Church Architecture: Renaissance Period

Church Architecture: Renaissance Period

From the towering spires of the Gothic era, church architecture shifted as society rediscovered various wonders of the ancient world. This was during the classical antiquity period. And the fact is, Italy did not inherit Gothic architecture that much and managed to develop a distinctive style.

The era of discovery and enlightenment was the Renaissance and has since produced many famous personalities such as Leonardo da Vinci.

The Renaissance started in Italy during the 15th century. Due to the interest of many who are from Northern Europe, the movement began to spread throughout the continent.

Below are common features of Renaissance architecture.

Structural planning

Image source: Wikipedia

A distinctive style in the structural planning of Renaissance buildings is the use of a square, symmetrical appearance based on a module the width of an aisle.


Image source: Panoramio

Around the vertical axis, facades are also symmetrical. They are capped by pediments and organized by a series of pilasters, arches, and entablatures.

Another feature is that columns and windows progress towards the center.

Columns and pilasters

Image source: Wikipedia

Used were Tuscan, Doric, Ionic, Corinthian, and Composite columns (in that order) and may either be structural or  decorative.


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Domes were in use once again, not only serving as spectacles from the outside, but as a way to roof smaller pieces from the inside.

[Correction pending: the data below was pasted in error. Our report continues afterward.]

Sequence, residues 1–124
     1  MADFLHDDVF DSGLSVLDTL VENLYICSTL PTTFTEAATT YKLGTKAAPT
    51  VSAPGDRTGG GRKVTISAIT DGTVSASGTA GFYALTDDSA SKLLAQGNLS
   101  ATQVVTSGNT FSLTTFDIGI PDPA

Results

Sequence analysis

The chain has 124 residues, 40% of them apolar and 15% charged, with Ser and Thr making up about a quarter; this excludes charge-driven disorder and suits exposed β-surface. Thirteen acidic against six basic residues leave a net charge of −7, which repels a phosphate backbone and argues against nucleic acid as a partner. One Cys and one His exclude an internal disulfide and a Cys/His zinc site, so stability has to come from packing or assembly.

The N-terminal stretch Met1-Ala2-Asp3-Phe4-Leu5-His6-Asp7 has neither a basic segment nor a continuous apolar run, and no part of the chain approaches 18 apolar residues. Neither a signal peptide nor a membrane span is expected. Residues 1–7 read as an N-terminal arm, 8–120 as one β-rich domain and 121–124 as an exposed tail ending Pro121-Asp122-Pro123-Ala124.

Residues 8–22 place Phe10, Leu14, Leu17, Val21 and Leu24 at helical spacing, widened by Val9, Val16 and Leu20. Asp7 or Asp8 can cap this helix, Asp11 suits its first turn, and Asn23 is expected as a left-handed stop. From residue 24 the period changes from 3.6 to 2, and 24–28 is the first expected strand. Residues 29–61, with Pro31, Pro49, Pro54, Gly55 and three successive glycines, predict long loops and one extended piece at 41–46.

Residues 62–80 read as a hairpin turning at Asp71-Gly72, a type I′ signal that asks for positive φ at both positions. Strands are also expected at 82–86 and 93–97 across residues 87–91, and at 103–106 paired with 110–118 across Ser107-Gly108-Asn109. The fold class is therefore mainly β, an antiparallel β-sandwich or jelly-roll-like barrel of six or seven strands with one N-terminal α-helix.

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Unlike Gothic ceilings, Renaissance ceilings are somewhat flat and painted with images.

Examples of Renaissance Architecture

St. Peter’s Basilica, Vatican City (1626 AD)

Image source: Wikipedia

Basilica di San Lorenzo, Italy (1470 AD)

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Sigismund Chapel, Poland (1533)

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Basilica of S. Giustina, Italy (1489)

Image source: Best of Padova

The Renaissance indeed made waves throughout the architectural world with the revival of styles from the classical antiquity period. But it was not without development. A few centuries later, a whole new movement would rise. This movement was pushed by the Catholic Church to counter the Reformation with its use of beautiful images and astounding religious art.

It was known as the Baroque movement which gained momentum during the 17th century.

We will be talking about Baroque architecture in next week's entry

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